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Thread: A Look at Aerobatics Accident Statistics

  1. #11
    rwanttaja's Avatar
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    Quote Originally Posted by 2ndsegment View Post
    Why did you exclude "engine failure." Have you never heard of "Tillie" from WW-II and her diaphram for Spitfires to fly negative "g's"? Or an inverted flight tank? Saber jets, barrel roll, Phantoms oblique loop into chandelle. Don't neglect "inverted oiling system" as a missing element in aerobatic capability. This is WW-I stuff. SPADS and Nieuports? And of course can we clump oil and fuel tanks together for two strokes? Gas Turbines are beyond Brinnell with ETOPS and run dry for endurance right side up.
    Because it was not relevant to the question I was asked. To recap: "Wes Liu suggested that I take a look at aerobatics-related accidents, specifically those that occur in airplanes not approved for aerobatics, and to low-time pilots trying to teach themselves aerobatics." Mechanical failure accidents were thus excluded. Cases where the power was lost due to fuel feed issues, etc. would be included as the NTSB would still rule the cause as being related to the aerobatics.

    Ron Wanttaja
    Last edited by rwanttaja; 04-10-2021 at 12:14 PM.

  2. #12
    My initial point of view comes from being asked to determine if the A-1 (AD) production line could be reopened. This was in 1965. As a first step I was asked to look at Navy Safety Center San Bruno data which included aspect and angle off for ballistic hits. You might think after the decision was made not to reopen that I would never be asked again about Survivability. After all a former VX-5 pilot took that on as his specialty for the next 13 years. Typically, in wartime about half of the losses are "operational" and not combat related. My experience could only be comparable to aerobatics if I saw the types of trajectories created as related to trajectories in combat. Guess what? I'm not an engineer of any kind. I'm a physicist. So when I was asked to go out to China Lake to see what the wife of the AIM-9L Program Manager was doing with Army BRL ballistics data to evaluate the survivability of a CH-53E helicopter ,I drove out to Mike Lab to see her work. This was more than a decade later. I will examine Wes Liu's suggestion. He was basically presenting a problem about the expectations of raw beginners. Something simple and cheap being pushed beyond it's safe use. There was a lot more data available to her and she did a much more detailed and well summarized job. Maybe you will have a similar expansion of your responsibility. I will you well.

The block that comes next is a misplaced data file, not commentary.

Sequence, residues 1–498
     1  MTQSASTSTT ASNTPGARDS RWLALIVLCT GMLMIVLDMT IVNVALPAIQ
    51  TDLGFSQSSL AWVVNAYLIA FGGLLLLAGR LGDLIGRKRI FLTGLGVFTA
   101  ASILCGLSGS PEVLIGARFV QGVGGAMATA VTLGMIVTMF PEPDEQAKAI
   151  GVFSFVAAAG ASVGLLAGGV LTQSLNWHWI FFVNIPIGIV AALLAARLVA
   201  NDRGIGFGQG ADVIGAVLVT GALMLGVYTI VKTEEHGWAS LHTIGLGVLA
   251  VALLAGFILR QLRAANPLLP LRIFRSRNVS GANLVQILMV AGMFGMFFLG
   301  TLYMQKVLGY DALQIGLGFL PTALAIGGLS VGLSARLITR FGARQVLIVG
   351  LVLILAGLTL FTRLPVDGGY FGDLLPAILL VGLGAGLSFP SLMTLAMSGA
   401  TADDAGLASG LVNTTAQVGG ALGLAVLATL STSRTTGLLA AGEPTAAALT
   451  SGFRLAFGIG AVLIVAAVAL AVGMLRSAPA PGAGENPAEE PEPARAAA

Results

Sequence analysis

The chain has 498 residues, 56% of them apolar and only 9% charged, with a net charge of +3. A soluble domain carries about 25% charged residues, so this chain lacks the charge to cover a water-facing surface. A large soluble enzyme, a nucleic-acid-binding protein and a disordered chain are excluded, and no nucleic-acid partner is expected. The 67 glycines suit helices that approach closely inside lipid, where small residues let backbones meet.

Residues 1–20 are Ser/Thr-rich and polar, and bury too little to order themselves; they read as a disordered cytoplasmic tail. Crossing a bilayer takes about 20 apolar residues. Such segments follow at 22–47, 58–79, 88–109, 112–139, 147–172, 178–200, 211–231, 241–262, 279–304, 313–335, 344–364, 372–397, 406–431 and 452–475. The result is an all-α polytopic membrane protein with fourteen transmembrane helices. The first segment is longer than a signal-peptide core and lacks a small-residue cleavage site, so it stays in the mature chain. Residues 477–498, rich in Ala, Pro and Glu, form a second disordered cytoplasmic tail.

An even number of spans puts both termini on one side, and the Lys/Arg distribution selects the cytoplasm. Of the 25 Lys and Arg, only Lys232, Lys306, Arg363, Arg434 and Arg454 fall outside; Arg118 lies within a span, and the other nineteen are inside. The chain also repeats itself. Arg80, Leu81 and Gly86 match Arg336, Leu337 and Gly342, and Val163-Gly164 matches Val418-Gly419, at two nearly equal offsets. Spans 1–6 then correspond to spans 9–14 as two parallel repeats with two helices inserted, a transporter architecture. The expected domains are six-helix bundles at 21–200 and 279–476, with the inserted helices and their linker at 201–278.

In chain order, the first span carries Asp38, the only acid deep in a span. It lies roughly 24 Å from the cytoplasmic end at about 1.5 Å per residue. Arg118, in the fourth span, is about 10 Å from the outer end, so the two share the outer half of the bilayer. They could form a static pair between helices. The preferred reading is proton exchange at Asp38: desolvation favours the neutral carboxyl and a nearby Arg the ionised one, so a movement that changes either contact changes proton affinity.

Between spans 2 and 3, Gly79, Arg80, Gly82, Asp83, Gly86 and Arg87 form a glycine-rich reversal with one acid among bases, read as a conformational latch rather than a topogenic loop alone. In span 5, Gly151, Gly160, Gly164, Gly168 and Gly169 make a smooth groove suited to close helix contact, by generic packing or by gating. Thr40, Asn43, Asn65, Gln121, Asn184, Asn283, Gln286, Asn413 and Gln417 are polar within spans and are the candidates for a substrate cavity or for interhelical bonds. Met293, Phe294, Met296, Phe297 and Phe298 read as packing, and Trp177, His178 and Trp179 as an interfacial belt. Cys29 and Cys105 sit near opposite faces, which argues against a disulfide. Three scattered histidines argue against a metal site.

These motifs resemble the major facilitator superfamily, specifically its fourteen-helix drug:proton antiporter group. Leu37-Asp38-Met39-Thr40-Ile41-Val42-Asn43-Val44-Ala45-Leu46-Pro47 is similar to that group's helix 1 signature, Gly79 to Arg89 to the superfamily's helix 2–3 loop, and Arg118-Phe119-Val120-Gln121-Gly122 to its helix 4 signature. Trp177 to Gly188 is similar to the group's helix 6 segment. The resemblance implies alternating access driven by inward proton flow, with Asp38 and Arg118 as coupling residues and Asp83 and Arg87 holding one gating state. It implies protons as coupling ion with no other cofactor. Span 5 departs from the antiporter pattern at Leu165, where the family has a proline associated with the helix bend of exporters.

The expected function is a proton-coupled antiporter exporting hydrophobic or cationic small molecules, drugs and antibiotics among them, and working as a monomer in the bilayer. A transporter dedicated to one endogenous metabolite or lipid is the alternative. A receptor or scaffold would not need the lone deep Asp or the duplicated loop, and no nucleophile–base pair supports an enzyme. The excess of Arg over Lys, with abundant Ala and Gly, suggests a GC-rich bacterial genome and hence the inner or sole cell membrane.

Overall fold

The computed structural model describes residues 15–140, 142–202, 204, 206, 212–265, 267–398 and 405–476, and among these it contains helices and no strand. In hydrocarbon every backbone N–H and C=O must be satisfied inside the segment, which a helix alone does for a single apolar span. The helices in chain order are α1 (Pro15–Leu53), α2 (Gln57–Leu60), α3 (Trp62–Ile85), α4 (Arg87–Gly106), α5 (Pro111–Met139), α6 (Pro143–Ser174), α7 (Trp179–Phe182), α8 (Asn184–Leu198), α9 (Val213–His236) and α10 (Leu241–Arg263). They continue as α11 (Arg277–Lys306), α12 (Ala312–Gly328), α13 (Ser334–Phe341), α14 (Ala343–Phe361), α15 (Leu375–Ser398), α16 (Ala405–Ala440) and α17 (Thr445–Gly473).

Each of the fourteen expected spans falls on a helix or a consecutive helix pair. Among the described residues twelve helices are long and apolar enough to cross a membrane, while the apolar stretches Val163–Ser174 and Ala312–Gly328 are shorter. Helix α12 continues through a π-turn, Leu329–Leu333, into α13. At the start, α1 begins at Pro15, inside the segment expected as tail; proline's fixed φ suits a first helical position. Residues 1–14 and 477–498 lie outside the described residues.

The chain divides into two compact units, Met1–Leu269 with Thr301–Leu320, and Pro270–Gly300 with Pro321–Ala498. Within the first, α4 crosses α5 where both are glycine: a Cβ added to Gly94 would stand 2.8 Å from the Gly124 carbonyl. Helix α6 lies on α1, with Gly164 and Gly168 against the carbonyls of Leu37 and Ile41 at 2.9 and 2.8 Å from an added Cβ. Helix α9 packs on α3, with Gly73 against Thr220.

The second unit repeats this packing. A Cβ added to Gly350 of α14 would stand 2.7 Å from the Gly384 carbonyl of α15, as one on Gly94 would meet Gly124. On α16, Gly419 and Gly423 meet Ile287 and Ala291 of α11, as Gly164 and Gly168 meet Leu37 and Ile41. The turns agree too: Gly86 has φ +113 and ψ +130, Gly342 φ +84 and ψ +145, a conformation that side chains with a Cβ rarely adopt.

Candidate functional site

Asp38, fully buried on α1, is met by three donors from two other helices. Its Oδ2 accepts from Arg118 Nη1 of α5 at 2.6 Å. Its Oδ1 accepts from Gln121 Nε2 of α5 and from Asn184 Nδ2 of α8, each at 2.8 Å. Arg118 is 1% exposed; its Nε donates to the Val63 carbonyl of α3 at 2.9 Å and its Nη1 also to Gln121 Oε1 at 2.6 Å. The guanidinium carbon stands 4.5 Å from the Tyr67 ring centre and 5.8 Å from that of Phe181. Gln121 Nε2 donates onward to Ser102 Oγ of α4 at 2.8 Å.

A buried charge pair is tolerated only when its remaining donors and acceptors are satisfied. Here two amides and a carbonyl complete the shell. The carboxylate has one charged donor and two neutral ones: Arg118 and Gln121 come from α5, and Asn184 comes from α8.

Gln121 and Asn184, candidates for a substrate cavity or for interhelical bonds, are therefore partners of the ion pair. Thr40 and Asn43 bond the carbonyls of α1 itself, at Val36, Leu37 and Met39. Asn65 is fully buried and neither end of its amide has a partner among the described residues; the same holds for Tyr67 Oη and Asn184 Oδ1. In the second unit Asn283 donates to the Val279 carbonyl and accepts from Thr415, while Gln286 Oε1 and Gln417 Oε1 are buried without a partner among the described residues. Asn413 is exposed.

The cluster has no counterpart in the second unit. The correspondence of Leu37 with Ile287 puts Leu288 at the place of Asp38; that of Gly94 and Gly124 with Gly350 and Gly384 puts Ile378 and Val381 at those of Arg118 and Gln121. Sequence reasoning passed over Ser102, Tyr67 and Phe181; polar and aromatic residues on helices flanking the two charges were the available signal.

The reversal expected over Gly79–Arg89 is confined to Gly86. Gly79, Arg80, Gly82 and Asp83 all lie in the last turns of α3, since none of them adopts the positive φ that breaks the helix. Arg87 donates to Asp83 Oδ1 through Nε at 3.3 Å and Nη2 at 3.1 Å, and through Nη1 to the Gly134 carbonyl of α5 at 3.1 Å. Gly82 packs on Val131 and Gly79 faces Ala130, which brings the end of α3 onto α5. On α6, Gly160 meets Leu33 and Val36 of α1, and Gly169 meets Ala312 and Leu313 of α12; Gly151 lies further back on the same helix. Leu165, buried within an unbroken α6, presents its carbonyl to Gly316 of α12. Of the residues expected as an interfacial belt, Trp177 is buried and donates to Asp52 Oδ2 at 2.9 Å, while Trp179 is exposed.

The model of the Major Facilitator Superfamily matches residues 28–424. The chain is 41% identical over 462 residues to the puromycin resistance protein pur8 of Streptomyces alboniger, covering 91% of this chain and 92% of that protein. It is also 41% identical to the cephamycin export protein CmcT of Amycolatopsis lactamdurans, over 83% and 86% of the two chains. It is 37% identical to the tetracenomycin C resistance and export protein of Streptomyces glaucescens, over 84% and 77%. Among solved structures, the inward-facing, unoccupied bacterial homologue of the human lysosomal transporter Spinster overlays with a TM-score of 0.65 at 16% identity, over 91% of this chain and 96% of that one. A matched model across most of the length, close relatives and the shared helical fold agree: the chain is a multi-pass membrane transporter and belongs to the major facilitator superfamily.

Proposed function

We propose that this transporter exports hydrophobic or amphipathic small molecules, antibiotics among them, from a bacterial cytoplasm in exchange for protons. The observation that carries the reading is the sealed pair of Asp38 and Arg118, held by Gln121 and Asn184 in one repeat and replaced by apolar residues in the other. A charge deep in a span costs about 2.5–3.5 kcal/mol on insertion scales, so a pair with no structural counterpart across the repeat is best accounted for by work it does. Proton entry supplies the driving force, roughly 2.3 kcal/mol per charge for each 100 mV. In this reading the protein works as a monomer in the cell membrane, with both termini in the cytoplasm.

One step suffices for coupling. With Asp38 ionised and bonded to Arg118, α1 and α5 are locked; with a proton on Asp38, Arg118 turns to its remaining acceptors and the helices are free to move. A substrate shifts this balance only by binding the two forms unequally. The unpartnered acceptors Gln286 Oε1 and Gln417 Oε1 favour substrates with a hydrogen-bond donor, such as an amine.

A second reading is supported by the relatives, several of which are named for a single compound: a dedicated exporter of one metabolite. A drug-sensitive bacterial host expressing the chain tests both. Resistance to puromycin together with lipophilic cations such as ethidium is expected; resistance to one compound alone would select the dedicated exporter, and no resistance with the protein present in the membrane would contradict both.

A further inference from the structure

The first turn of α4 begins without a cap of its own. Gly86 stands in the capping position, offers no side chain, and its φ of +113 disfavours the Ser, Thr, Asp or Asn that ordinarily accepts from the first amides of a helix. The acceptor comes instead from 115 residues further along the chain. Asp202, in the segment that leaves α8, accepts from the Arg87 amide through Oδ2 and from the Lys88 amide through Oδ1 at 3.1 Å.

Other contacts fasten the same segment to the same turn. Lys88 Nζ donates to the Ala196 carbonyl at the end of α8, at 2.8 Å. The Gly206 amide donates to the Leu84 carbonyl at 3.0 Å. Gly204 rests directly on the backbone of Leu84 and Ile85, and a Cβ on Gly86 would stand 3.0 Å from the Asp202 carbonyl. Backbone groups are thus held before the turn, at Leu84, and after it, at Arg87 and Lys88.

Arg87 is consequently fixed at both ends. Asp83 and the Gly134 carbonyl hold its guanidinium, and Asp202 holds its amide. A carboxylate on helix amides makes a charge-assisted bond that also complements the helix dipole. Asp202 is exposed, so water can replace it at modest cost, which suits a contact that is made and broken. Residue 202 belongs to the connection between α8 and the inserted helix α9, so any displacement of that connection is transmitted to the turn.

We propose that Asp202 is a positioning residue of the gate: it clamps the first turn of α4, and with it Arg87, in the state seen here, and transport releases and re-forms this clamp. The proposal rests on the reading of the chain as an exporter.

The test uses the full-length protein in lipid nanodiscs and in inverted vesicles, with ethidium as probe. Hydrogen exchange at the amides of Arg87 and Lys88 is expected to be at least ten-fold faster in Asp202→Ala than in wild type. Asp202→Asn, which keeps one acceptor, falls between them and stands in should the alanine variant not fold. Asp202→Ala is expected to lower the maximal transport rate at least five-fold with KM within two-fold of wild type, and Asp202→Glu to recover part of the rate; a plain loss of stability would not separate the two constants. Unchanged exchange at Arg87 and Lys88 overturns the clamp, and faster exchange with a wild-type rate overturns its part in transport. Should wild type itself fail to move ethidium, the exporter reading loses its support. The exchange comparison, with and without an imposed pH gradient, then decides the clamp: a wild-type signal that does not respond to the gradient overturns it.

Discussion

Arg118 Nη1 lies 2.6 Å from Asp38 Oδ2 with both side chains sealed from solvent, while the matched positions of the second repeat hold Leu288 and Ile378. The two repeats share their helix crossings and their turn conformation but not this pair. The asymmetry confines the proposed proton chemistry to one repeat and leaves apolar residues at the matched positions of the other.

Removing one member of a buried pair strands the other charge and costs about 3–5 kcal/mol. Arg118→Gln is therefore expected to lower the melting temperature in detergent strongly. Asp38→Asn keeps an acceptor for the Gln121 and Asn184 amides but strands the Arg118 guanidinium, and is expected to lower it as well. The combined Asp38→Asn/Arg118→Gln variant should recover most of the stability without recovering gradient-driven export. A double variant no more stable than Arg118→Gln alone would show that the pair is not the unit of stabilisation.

3. #13

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    Ron:

    Do you have any data that indicates the aerobatic time / experience of the pilots, as opposed to the total time?

    BJC

  4. #14
    rwanttaja's Avatar
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    Quote Originally Posted by BJC View Post
    Ron:

    Do you have any data that indicates the aerobatic time / experience of the pilots, as opposed to the total time?
    Never seen any reference to aerobatic time, other than statements like, "an experienced acrobatic pilot"....

    Ron Wanttaja

  5. #15